Trinity Chapel, looking Westward. Rendering by Jack McManus.

John Donne’s Role in the Construction of Trinity Chapel

John Donne was appointed Reader in Divinity at Lincoln’s Inn in 1616. When he arrived, plans to build a new chapel were underway, having begun as long ago as 1609, when the existing chapel was deemed to be “ruynous and not sufficient for the number of this Howse.” Nevertheless, fundraising for construction of a new chapel proceeded slowly at first.

Donne helped the cause, preaching a sermon in 1618 with the goal of “preparing them to build their Chapel.” The text of this sermon can be found here. While Donne was away in Germany from 1619 until 1620, Benchers of the Inn decided where on the grounds of the Inn the new chapel would be built and committed more money to its construction. One of the fundraising techniques was to promise that members of the Inn who contributed a certain amount would have their coats of arms included in the design for the chapel’s stained glass windows.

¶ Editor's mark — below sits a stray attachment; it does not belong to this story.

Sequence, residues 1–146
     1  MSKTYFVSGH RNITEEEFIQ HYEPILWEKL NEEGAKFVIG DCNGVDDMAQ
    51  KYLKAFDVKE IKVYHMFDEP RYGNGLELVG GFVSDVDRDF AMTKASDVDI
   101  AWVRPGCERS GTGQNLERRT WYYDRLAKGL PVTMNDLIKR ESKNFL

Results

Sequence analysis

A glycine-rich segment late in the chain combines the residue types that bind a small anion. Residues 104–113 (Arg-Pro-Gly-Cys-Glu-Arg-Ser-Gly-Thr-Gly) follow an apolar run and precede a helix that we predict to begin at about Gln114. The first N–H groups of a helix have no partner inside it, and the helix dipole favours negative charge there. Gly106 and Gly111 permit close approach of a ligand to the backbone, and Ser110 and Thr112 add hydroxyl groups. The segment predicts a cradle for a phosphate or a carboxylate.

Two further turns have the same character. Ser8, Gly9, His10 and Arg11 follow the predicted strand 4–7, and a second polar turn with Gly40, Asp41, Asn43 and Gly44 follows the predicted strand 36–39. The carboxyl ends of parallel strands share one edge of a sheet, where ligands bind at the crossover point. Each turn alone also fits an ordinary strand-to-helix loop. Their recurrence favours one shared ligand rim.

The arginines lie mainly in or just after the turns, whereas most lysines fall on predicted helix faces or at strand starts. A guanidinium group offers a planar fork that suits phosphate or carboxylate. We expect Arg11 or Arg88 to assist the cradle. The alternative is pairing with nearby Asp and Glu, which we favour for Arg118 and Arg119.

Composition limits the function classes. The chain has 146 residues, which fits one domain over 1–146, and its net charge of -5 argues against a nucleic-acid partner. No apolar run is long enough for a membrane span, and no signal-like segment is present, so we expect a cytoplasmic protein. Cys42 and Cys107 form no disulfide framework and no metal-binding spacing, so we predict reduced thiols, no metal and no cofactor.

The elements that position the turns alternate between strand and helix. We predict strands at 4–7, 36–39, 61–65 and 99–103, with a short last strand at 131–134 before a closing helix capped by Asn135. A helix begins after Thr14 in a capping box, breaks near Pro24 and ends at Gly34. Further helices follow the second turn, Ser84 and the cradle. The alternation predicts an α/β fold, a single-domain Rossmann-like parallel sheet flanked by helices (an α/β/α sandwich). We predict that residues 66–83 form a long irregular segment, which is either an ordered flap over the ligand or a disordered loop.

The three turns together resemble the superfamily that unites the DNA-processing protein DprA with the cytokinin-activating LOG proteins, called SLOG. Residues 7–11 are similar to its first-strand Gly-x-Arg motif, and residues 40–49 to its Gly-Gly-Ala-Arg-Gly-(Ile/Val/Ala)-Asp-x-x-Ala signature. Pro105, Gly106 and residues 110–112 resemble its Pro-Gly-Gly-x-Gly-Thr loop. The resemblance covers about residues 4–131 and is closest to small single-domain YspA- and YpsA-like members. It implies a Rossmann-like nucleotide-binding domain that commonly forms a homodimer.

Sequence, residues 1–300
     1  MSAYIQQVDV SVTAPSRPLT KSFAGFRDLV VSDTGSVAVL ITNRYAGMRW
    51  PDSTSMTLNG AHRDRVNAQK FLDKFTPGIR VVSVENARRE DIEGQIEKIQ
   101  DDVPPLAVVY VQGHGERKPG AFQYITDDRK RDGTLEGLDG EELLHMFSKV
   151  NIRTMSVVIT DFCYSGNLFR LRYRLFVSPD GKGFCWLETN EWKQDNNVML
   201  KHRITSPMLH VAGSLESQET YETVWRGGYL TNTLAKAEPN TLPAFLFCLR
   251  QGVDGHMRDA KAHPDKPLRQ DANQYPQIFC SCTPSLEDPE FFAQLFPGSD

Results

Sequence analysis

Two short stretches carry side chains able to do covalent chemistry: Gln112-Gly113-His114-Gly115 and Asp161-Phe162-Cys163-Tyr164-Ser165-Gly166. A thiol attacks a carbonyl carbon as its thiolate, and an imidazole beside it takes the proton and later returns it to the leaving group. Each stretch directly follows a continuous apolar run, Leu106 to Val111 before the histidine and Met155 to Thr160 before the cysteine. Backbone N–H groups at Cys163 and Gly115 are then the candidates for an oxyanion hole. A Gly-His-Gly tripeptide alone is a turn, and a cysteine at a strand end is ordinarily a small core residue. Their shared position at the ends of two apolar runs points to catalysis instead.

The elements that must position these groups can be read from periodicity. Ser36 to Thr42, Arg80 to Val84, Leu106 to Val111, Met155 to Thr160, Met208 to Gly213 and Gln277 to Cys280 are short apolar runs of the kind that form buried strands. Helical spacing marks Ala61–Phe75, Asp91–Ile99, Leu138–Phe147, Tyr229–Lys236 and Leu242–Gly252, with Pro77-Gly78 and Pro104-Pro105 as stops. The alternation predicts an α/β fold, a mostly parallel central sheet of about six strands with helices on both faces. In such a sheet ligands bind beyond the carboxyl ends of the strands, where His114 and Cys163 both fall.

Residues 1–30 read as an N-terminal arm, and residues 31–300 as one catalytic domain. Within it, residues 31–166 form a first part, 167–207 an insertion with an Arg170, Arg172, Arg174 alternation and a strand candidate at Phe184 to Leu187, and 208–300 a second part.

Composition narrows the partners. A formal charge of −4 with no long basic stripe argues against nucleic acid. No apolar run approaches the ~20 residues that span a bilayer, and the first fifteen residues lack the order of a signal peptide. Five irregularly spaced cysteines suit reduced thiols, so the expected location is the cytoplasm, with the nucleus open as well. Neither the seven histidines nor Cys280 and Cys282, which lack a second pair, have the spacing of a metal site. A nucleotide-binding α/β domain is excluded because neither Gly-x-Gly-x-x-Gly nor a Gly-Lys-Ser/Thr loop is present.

As a result, when Donne returned from Germany in 1620, he found that plans for the chapel’s construction were well along. As a result, according to the records of the Inn, Donne laid the foundation stone for the building in 1621. His sermon at the Service of Consecration can be found on its own here and in the context of our reconstruction of the entire service here.

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Donne Window, Trinity Chapel. Photograph by John N. Wall.

Donne made his own personal contribution to the £2,000 needed to build Trinity Chapel. The record of that contribution can be found in the stained glass window near the current pulpit in the Chapel (see image above). The text in Latin reads, “Io Donne Dec: S. Paul: F: F” (Iohannes Donne Decanus Sancti Pauli Fieri Fecit) or in English, “John Donne Dean of St Paul’s caused this to be made.” So Donne’s enduring contribution to the fabric of Trinity Chapel speaks to us of his role in its creation.[1]

[1] We are grateful to Diarmaid MacCulloch for his transcription and translation of the text in Donne’s window.